June 21, 2018
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Affordability and availability of individual health insurance in Maine

By Dana Kerr, Special to the BDN

Last week, the Maine Supreme Judicial Court heard oral arguments concerning the ability of Anthem Health Plans of Maine to increase insurance premium rates for individual and nongroup (e.g., nonemployer) health insurance policies. Anthem is appealing an earlier Superior Court decision that upheld the state’s rejection of Anthem’s proposed rate increase for the current annual period. In rejecting Anthem’s proposal, the Maine Bureau of Insurance cut Anthem’s proposed rate increase by nearly half.

There is a central issue that underlies this dispute. That issue is the nature of the cross-subsidization of individual health insurance premiums that takes place in Maine and how it contributes to the affordability and availability of health insurance coverage.

The current dispute between Anthem and the bureau is a classic one over the balance between the affordability and availability of insurance that many believe to be a necessity. Affordability refers to the extent to which consumers are able to pay the premiums charged for coverage. Availability refers to the amount of insurance offered by insurance companies when it can be sold at premiums that at least cover the insurers’ claims costs and expenses. Low claims costs are the single largest contributing factor to insurance being both affordable and available. As claims costs increase, insurance should become less affordable as premium rates increase to reflect larger expected future claims payments. If society determines that the insurance should be affordable, subsidies of some kind must exist to help those who can no longer afford it. The kind of subsidies used can significantly affect how well the private insurance market functions.

In 1993, the Maine Legislature passed a modified community rating law that placed severe limitations on the ability of health insurance companies to charge risk-adjusted premiums for individual health insurance policies. That is, health insurance companies are not able to charge premium rates commensurate with the health risks of policyholders. In addition, health insurance companies are required to accept all applicants regardless of health risks, a practice called guaranteed issue. The community rating and guaranteed issue law essentially created a subsidy through the insurance pricing mechanism whereby the insurance premiums for the least healthy members of the individual health insurance pool are subsidized by the healthier members of that pool.

A problem with such a subsidy is that over time the healthy members of the insurance pool paying a community rate that exceeds what they should be paying on a risk-adjusted basis choose to no longer participate in the pool. The least healthy members remaining in the insurance pool continue to generate claims costs and drive up individual health insurance premiums, making it even more unlikely that healthier individuals return to the market. As this process, known as adverse selection, plays out, individual health insurance becomes less affordable for more and more consumers. Also, individual health insurance becomes less available as claims costs climb, providing a partial explanation for Anthem being the only insurance company participating in Maine’s individual health insurance market.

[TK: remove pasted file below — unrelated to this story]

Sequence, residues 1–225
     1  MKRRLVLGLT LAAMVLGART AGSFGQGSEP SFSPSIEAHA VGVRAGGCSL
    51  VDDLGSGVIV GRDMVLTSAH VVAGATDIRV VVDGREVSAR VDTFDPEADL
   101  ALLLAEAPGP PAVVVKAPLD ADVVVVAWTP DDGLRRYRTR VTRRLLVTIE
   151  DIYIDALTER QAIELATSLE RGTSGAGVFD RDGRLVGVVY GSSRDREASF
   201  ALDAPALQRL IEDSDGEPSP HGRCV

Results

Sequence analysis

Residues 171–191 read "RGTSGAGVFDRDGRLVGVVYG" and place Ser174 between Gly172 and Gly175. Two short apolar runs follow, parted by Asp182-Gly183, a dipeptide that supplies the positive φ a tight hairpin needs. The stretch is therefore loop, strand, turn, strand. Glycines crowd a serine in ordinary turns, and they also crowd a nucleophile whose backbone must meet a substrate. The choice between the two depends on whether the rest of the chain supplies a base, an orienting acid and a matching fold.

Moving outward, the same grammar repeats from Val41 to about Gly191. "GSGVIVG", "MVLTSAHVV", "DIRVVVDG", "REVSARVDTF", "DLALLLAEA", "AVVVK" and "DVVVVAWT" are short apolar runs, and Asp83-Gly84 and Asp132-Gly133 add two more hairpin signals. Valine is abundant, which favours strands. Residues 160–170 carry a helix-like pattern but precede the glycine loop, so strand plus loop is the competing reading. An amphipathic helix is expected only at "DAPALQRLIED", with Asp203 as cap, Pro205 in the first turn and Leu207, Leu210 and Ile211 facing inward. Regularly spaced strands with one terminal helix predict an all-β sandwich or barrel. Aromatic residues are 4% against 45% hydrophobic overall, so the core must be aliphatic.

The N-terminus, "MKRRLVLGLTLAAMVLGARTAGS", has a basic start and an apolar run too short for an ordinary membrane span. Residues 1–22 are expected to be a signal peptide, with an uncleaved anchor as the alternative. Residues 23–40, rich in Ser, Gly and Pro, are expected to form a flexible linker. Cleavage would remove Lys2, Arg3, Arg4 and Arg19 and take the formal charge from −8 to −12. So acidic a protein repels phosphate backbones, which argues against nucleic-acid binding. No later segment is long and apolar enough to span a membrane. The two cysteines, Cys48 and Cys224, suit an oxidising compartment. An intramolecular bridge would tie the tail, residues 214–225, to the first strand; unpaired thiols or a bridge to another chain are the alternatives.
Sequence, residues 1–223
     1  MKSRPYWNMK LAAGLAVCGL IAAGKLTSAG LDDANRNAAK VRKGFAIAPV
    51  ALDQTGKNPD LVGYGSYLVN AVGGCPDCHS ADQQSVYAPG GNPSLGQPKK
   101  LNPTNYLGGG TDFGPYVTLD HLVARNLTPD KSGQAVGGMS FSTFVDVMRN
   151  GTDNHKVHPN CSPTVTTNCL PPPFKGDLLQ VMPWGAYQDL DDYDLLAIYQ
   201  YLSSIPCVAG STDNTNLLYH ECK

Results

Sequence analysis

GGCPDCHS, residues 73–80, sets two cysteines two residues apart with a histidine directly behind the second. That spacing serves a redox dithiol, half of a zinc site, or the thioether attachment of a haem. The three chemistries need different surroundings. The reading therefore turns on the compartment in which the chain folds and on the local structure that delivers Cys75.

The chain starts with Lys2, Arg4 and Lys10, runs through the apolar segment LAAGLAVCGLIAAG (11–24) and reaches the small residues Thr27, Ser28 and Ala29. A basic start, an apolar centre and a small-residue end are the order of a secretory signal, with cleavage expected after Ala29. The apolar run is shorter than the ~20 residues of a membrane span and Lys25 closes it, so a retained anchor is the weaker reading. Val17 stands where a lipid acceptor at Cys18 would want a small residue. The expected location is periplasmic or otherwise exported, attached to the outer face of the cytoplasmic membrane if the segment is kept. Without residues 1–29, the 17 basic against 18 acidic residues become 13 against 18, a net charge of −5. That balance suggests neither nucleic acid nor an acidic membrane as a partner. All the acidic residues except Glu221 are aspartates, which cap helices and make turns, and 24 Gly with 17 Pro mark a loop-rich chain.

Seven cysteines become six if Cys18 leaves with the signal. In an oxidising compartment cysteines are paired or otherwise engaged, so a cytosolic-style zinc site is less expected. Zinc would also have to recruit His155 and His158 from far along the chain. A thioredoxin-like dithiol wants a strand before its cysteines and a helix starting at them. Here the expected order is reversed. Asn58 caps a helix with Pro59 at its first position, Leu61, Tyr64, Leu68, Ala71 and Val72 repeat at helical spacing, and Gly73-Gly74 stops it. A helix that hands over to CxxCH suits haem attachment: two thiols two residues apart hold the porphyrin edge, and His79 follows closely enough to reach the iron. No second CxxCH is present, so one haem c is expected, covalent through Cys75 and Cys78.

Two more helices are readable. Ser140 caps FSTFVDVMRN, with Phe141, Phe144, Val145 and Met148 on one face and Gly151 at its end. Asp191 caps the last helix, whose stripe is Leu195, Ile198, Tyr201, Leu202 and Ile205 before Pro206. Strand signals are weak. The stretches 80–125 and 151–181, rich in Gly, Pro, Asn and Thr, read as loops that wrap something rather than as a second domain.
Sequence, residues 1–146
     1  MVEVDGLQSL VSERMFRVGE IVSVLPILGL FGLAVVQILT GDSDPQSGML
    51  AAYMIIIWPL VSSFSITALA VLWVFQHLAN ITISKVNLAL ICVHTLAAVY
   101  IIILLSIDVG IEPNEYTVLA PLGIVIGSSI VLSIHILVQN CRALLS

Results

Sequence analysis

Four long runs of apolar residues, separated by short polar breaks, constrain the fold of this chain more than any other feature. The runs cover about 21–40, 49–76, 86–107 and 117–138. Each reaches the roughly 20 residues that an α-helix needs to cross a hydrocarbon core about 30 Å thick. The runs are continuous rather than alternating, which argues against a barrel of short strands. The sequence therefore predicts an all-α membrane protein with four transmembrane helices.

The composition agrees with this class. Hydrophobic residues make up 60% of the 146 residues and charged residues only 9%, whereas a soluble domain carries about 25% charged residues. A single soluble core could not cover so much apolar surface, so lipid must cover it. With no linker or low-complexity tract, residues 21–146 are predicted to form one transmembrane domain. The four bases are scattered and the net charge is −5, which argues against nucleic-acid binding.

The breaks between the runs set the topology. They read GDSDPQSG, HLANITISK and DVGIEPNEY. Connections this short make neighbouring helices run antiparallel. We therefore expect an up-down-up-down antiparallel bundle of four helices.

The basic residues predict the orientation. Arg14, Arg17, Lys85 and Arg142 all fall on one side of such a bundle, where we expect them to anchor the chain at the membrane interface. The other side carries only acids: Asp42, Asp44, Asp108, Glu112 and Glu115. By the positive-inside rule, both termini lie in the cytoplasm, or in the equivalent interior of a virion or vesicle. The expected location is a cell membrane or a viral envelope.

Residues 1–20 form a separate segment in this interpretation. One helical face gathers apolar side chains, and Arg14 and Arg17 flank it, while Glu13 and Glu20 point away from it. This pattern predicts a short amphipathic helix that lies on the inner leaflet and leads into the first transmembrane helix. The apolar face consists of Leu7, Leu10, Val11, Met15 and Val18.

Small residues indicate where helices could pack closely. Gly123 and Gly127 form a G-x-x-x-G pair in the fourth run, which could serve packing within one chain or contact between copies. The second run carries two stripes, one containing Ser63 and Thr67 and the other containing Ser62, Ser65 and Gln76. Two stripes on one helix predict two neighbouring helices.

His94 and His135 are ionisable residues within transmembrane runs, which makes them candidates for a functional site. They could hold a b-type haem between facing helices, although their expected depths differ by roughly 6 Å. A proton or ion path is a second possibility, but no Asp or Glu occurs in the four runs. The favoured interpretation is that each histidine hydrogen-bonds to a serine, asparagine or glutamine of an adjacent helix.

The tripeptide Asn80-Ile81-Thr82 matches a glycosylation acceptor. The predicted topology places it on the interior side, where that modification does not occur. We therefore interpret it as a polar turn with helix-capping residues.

The unaffordability of individual health insurance created by Maine’s adverse selection problem brings us back to the current dispute between Anthem and the bureau. The bureau’s attempt to achieve some semblance of health insurance affordability is through suppression of Anthem’s premium rate increase. While suppression makes the health insurance premiums marginally more affordable in the short run, it masks the problem of growing claims costs that are reflected in otherwise higher premium levels. It also removes incentives for society to address the underlying problems that have caused claims costs to rise. To the extent that insurers believe the rate suppression will prevent them from earning income that sufficiently covers future claims costs and expenses, insurance availability also will continue to suffer.

This is not an indictment of health insurance premium subsidies. There are, however, better ways to design them. If subsidies for individual health insurance are deemed worthwhile, then society would be better served providing them through a scheme other than insurance rate regulation, such as through our general tax system. It would more directly benefit those who cannot afford insurance because of lack of means rather than increased risk. As it is, there are likely many healthy, low-income policyholders who should be the recipients of health insurance subsidies but who are now subsidizing the health insurance costs for relatively unhealthy, higher-income individuals who could otherwise afford the coverage. Disconnecting subsidies from the underwriting risk also would reduce potential availability problems that arise from inadequate insurance pricing vis-a-vis the risks being insured.

Dr. Dana Kerr, CPCU, ARM, is an assistant professor in the University of Southern Maine’s School of Business, where he teaches courses in risk management and insurance. He previously served for nearly a decade in the risk management and insurance industry and has published extensively in the field.

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